Joe stared down at his stocking feet below the silly papered gown and waited for the doctor to come back. He already knew what doc would say.
“You have a few weeks, Joe. Maybe more if you stay quiet and in bed. Have any questions?”
Joe sighed. “No, you’ve told me all the particulars. If that’s all, I have things to do.”
“Remember, Joe, quiet bed rest.”
Joe’s bowed legs carried him in the sunlight wrapping him in a blanket of coziness, the same coziness his mother wrapped him in when she tucked him in bed at night and sang him to sleep. That was a long time ago.
He heard his mother singing as he slowly drove his ancient pick-up home. The old truck sputtered, but kept moving. Joe much preferred his horse, but driving the old pick-up got him to town and back faster. Besides Spark was getting as old as him now. He was the last of his animal comrades.
Memories of Stormy flitted through his mind. The little black curly Cocker Spaniel had been his constant companion around the farm. Skippy had been the runt pup he’d picked out of the neighbors litter one spring. Skippy had been his friend all his days. Those days hadn’t lasted near long enough.
He’d had several horses. The noble animals carried him many miles as they rode fence lines and brought cattle to market.
So many pets in his life, each one special in their own way. Each one bringing him moments of happiness and mainly friendship. He’d never really found the same happiness with people. Not that he didn’t try. He preferred being by himself with his dog or various cats who he befriended on the farm. The animals were more honest. They were excited to be with him when he was there. Otherwise his dog laid on the porch and the cats sat on a window sill or curled up under a tree. When he had time for them they were more then happy to quit what they were doing and play or enjoy a moment with him.
The friends or at least he’d called them friends, had teased him, left him out of their games, and generally ignored him.
Joe learned to ignore them right back and felt better for it. He’d take his dog fishing. He rode the horse and the three of them took care of an afternoon. Pleasant and no fights or teasing. Most occasions he brought fish home for dinner.
Things hadn’t changed much as he got older. The friends didn’t tease him as much, but it was still there now and then. He laughed along. It had been easier. As soon as he could, he’d walk away and be riding his horse up a trail.
Since his talk with doc, Joe wanted to be alone. There wasn’t anyone to tell. The bed rest, Joe chuckled to himself about that one. Doc knew better then to tell an old cowboy to take it easy. Doc knew too, but Joe realized he’d had to say it, it was part of being a doctor.
He saddled up Spark. The old horse patiently turned his head and gazed at his owner, ears forward. “Yeah, old boy let’s go for a ride.” Joe wanted to be out in the hills, just him and his horse now. All the others were gone, waiting.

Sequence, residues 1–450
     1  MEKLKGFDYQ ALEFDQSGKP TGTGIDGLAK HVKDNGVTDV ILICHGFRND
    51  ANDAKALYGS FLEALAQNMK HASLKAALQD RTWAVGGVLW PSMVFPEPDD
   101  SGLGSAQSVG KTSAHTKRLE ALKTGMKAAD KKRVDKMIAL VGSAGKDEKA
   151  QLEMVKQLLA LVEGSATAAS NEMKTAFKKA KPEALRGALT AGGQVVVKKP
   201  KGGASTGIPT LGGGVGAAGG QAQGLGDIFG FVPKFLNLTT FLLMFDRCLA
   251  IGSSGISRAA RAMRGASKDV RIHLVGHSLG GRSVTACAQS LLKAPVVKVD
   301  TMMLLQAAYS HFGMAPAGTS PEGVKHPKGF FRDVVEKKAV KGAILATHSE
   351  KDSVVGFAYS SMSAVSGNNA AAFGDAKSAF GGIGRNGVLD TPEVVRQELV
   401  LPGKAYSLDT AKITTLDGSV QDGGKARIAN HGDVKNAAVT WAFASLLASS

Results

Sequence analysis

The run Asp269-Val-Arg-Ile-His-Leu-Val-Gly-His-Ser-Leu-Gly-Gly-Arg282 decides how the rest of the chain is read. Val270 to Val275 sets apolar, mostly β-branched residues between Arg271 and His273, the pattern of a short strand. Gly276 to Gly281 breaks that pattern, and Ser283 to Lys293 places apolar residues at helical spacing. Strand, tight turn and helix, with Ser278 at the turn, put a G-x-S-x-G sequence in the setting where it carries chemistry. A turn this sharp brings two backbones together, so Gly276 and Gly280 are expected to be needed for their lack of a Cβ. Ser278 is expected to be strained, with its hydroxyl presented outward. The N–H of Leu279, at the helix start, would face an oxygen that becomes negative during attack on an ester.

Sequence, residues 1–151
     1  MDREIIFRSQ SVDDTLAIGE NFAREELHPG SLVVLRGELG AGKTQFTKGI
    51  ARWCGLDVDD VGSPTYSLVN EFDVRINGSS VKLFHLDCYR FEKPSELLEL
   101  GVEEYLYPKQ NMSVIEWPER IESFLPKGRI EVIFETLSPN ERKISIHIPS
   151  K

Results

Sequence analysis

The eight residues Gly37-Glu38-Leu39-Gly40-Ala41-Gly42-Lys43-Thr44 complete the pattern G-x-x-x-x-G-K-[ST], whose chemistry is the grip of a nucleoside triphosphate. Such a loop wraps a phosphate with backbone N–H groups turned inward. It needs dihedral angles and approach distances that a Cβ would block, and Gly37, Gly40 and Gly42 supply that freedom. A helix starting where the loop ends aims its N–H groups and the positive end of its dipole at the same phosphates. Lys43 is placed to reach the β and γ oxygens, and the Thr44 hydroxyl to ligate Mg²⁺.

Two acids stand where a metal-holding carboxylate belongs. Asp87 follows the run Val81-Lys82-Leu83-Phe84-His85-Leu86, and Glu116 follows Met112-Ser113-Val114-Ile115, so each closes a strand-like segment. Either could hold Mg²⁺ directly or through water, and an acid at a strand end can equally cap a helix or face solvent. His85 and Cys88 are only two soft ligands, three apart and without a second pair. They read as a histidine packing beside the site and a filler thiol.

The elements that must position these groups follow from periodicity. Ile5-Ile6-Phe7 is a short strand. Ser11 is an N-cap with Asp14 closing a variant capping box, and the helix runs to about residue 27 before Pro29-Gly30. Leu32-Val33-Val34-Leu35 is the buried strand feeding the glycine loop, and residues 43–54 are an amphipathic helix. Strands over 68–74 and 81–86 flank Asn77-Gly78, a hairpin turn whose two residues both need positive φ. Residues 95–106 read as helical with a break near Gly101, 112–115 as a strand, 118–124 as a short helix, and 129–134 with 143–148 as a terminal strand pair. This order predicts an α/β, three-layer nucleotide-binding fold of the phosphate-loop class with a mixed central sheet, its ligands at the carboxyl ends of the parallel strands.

Joe soaked up the sunshine, but admitted he liked a good old thunder and lightening storm with a rainbow to top it off. The sun shined now, but he watched the clouds cluster, smelled the air and knew he was in for a treat. He’d be out to the outcropping before the storm hit.
Everything was pleasant, his heart, his soul, his mind. It was all okay. He had no regrets. He even welcomed it. Soon he’d be with his loved ones.
As Joe guided Spark along, he talked about the other horses in his life. “Blackie my first pony, stubborn little guy. Then I had Sandy, a pretty little filly. She was one of my most loyal.” At that Spark gave a snort. “Oh, now, old boy, you’re my most loyal now.” Joe chuckled as Spark nodded his great head in response.
The storm hit as Joe and Spark arrived at the shelter of the overhanging rock. Pine trees grew near the rock and gave a bit more protection. The lightening shattered the sky in steaks all across the tops of the mountains. The rain came next saturating the thirsty dirt and plants.
Joe watched it all and faithful Spark stood next to him, head hanging low.
Joe couldn’t wait to see Stormy, Blackie, and all the others. He wondered how it would be. There was no fear, no anguish. Even with the storm being loud and obnoxious, Joe felt a sense of pleasantness. A sense of calm and happiness. It was okay, he was okay. He was ready.
He saw the rainbow. He felt something soft against his legs. Various kitty’s he remembered meowed up at him as they walked back and forth through his legs. Joyous barks came from Stormy and Skippy. A high whinny made him look as Sandy came trotting towards him with the black pony, Blackie following behind. They and Spark touched noses in greeting.
When Joe was found a few days later, it was wondered at his position. He sat propped against the rock with arms outstretched resting on his knees as if gathering loved ones to join him.
Judy Blackburn has been writing for most of her days. You can find more of her work at; judy-blackburn.com.